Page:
The WZO was originally founded at the initiative of Theodore Herzl at the first Zionist Congress in Basel, Switzerland in 1897. It was based on the principles of creating a Jewish homeland in Eretz Israel and ultimately ending anti-Semitism. The WZO includes several national institutions that are active in Israel and world Jewry. These institutes include the Jewish Agency, Zionist Federation, Keren Kayemet L’Yisrael, and Keren Hayesod. In the past, the Diaspora supported these efforts. Now, at the backing of Natan Sharansky, the Israeli government participates actively in funding projects run by these national institutions, with the emphasis this year on support for the absorption of immigrants and expansion of Jewish education and identity in the Diaspora.
Who dictates how the money is spent and who dictates the direction of the education, both in Israel and abroad? The delegates of the WZO. And if we do not heed the words of the Rishon l’Tzion Rav Yosef, zt’l, and take a stand, then the ones who dictate will all resemble those 12 rabbis and their liberal congregants. And our children and our children’s children will feel the effect. It is time to step out of our comfort zone.
Rav Yosef understood that we, the Torah-observant community, must have a strong influence in the education of the Jewish people throughout the world; to provide rabbis and educators in the Diaspora, absorb and encourage aliyah, and ensure that these issues are not left to outside influences.
To that end, the World Sephardic Zionist Organization—Ohavei Zion—was formed with a list of delegates from our many communities, all under the banner championed by Rav Ovadia Yosef and supported by our Sephardic sages today. Each and every lover of Torah and mitzvot must join in this endeavor. And it takes so little to do so. There are hundreds and hundreds of thousands of us. We can really make a difference. We simply need to register and vote.
Elections for the 37th World Zionist Congress will take place during the coming year for the delegates for these national institutions. Our aspirations are to strengthen the presence of the World Sephardic Zionist legacy of Maran. For the first time, the delegates will also be representing the issue of the rights of the Jewish refugees from Arab countries, which was recognized by the Israeli government and the international community through legislation initiated by a member of Knesset.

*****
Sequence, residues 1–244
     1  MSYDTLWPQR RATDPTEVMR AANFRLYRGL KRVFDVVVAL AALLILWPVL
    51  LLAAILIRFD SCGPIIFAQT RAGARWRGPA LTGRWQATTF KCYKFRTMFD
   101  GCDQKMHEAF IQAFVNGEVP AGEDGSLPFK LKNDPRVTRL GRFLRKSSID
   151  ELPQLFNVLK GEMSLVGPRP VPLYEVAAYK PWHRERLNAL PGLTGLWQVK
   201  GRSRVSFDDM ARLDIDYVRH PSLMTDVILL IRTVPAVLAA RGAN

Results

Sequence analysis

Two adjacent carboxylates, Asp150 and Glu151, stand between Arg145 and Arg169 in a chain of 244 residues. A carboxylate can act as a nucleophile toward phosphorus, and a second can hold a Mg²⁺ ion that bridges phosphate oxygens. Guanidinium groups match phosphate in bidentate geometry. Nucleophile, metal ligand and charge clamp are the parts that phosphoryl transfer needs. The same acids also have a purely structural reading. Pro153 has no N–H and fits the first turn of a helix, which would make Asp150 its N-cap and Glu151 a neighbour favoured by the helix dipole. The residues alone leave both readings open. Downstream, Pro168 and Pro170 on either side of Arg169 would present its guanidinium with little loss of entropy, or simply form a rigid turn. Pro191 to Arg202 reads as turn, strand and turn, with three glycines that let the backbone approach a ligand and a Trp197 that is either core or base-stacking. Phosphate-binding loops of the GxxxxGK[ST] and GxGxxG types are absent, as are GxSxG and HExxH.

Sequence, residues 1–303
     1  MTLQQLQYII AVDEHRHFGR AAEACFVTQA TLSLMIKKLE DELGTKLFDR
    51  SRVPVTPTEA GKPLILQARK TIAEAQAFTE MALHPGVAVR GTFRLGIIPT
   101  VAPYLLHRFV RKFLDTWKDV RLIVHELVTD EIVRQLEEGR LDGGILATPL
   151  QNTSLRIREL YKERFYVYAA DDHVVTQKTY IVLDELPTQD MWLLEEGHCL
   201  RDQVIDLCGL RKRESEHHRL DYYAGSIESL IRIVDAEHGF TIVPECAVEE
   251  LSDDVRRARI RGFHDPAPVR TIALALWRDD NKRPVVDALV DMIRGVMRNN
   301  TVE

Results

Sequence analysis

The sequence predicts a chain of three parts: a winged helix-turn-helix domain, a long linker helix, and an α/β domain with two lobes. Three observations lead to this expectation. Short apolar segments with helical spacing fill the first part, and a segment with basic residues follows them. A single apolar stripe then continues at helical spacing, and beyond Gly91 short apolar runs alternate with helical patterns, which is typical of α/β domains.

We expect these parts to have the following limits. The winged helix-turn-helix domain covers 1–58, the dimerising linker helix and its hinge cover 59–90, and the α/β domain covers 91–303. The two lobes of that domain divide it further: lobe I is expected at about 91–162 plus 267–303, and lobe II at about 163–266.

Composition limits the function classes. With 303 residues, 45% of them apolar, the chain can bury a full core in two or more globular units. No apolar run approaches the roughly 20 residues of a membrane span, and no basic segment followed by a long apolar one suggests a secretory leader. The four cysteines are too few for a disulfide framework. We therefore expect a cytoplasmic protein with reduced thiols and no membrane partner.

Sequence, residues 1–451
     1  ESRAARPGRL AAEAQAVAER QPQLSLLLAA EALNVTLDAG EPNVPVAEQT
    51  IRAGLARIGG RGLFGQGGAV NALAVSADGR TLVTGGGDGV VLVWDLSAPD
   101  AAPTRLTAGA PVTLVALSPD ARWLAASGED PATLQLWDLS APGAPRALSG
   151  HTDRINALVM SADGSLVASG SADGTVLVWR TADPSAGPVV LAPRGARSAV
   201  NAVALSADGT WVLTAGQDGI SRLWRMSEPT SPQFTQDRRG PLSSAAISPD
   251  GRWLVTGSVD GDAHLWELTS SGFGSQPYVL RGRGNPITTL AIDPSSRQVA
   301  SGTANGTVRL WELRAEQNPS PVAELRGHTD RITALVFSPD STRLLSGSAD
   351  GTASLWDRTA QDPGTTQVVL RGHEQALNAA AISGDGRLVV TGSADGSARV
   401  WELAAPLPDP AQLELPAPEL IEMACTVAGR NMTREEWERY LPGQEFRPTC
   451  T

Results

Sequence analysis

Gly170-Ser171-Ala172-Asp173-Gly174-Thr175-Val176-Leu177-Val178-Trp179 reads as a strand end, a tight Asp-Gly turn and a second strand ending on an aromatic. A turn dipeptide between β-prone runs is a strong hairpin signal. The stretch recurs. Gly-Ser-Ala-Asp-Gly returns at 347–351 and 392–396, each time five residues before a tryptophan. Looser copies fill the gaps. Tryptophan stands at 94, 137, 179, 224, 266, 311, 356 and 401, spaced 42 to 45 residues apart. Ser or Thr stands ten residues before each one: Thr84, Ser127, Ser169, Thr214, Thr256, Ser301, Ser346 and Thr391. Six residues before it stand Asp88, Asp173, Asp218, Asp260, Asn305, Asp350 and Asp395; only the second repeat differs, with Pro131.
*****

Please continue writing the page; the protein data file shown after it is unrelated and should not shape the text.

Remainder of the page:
Our sages are appealing to our brothers and sisters throughout the world to support the Ohavei Zion movement within the World Zionist Organization for the upcoming elections, which will be crucial for the future identity and unity of the Jewish people.
The first step in creating our new party is to register a minimum of 600 people so that we can become a recognized party, and this must be done within the next 30 days. To register in support of the party, please visit https://admin.election-america.com/Candidates/?petition=10.
There you will be asked to fill in your personal information and check off boxes approving our party. There is a nominal registration fee of $5 for those under 30 or $10 for the rest of us. Please make sure all your family members register.
Additionally, we will need volunteers and point-people to assist us from every synagogue and school in every community in the country. This is your opportunity to truly make a difference. If you can help, please contact Lana Eliyahu at email@example.com or call 917-213-4600.
We are not known as b’nei Noach. We are called b’nei Yisrael. We are the children of Abraham, Isaac, and Jacob. We are the children of Sarah, Rebecca, Rachel, and Leah. They were each tested to step out of their comfort zones. Each was required to venture beyond the ark. Each changed the world.
We saw last week that Abraham had lots of excuses available to him—old age, pain, even G‑d’s presence as an excuse not to get up. Yet he used none of them. And he did not just step out; he ran. This week we see his dedication to the future. One may be blessed with everything, but without a future, everything is worthless.
The work to register our communities is great. The time is short. The potential benefits are enormous. And our sages are begging us to step out and run. Join us in this marathon to benefit the Jewish people. Prepare the future.
David Bibi is vice-chair of Ohavei Zion of the World Sephardic Zionist Organization and the senior rabbi at B’nei Asher, the Sephardic Congregation of Long Beach.
By David Bibi